Arab League Secretary General Nabil al-Arabi addresses a UN Security Council meeting on peace and security in the Middle East, September 26, 2012.
The Arab League has called for the development of an international legal framework to criminalize blasphemy, following recent anti-Islam moves that insult Prophet Mohammad (PBUH).
“The League of Arab States calls for the development of an international legal framework which is binding… in order to confront insulting religions and ensuring that religious faith and its symbols are respected,” said Arab League Secretary General Nabil al-Arabi during a special session of the UN Security Council on peace and security in the Middle East on Wednesday.
Over the past days, the Muslim world has been outraged by an anti-Islam movie produced in the United States and the French weekly Charlie Hebdo
’s publication of cartoons insulting Prophet Mohammad (PBUH).
Demonstrations against the anti-Islam moves have been held across the Muslim world and several non-Muslim countries, with protesters in some countries marching on the US embassies and torching US flags.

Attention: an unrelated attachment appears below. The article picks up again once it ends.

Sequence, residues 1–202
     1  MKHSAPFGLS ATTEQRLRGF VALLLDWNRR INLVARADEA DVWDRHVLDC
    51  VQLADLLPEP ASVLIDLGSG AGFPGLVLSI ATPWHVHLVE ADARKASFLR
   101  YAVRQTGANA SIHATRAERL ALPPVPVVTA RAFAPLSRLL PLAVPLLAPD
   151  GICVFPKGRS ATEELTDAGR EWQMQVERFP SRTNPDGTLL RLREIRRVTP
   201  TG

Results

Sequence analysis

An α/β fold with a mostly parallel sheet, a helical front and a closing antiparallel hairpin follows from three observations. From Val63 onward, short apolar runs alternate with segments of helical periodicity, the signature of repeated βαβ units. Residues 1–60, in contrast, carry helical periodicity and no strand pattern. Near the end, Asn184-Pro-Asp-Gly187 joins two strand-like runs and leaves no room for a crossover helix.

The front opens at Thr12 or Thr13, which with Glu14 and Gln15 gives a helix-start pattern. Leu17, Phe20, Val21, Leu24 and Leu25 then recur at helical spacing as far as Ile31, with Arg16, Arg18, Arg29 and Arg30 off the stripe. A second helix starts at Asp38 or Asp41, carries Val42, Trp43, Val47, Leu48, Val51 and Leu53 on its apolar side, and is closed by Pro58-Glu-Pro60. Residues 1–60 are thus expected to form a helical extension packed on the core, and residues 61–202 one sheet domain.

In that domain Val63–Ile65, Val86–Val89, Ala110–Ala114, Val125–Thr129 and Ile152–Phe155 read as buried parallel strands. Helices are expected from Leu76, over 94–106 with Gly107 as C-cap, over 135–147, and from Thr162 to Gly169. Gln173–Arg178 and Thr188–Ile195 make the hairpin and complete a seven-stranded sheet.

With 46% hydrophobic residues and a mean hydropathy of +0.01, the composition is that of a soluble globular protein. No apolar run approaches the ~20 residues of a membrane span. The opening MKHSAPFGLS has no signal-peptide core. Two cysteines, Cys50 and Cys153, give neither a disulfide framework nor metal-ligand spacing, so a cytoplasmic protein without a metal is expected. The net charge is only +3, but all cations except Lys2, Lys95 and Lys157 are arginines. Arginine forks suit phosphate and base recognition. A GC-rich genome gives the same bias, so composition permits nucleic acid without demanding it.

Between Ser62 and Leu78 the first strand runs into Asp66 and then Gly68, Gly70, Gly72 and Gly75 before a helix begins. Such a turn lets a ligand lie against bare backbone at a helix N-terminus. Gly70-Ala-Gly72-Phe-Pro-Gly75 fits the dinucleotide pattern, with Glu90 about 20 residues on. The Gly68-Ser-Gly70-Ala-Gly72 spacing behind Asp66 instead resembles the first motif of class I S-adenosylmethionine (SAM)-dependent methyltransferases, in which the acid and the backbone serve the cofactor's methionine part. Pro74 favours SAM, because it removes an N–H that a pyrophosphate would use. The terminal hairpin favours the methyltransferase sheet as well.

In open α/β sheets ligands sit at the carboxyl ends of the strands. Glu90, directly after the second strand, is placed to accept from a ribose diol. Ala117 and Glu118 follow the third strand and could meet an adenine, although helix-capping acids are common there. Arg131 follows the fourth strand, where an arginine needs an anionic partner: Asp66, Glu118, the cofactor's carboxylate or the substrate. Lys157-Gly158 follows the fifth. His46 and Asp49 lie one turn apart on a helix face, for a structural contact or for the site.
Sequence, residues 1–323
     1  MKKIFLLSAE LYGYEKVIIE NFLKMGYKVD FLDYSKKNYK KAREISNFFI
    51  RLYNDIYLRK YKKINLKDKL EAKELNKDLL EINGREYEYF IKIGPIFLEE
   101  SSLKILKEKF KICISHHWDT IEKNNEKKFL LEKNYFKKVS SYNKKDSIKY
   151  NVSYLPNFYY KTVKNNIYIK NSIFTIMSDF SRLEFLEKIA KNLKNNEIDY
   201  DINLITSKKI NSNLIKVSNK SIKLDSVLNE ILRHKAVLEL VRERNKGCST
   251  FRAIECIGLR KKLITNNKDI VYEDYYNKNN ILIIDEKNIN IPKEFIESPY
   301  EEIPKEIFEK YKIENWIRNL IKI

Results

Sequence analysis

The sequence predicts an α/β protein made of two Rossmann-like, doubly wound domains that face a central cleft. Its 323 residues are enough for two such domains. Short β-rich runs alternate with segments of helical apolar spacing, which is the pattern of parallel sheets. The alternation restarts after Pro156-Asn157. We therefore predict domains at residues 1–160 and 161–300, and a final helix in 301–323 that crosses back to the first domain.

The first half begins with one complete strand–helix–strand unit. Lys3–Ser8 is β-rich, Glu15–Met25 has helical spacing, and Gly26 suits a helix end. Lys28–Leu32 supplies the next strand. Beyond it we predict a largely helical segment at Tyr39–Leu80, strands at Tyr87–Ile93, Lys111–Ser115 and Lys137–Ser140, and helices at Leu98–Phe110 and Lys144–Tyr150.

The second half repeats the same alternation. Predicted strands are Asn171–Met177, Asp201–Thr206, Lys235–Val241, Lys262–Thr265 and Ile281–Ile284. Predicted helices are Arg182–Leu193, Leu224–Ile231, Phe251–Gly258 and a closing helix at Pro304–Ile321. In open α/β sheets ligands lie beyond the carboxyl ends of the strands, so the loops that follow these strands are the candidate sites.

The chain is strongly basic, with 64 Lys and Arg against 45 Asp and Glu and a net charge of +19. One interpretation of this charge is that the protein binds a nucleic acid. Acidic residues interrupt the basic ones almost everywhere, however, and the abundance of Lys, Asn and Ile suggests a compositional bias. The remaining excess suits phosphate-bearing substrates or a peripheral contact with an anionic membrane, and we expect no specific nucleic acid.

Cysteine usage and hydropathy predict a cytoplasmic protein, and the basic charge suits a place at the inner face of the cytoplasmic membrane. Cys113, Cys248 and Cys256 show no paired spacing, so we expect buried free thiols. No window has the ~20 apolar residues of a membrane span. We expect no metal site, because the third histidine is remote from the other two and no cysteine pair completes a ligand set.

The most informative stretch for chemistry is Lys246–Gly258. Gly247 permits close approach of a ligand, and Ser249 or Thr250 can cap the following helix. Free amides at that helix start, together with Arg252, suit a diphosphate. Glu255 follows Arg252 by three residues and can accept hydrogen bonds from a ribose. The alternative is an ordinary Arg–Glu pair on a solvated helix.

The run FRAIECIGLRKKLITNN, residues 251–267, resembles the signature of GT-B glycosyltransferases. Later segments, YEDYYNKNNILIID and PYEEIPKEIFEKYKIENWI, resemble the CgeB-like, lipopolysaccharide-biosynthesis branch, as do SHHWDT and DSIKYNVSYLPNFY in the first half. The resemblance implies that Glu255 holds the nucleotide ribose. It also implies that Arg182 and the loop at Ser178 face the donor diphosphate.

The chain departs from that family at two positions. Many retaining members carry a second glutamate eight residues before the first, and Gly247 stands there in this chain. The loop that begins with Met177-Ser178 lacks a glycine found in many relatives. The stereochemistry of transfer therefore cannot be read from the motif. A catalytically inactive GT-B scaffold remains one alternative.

Arabi also censured US President Barack Obama’s recent defense of freedom of expression.
On September 25, Obama told the UN General Assembly that the removal of such sacrilegious videos or offensive publications from the Internet would be a violation of the US constitution, which “protects the right to practice free speech.”
The Arab League chief said the bloc valued freedom of expression, but there was no “relation between freedom of expression which aims at enriching culture and building civilization… and activities that merely offend and insult the beliefs, culture and civilization of others.”
If the international community “has criminalized bodily harm, it must just as well criminalize psychological and spiritual harm,” Arabi stated.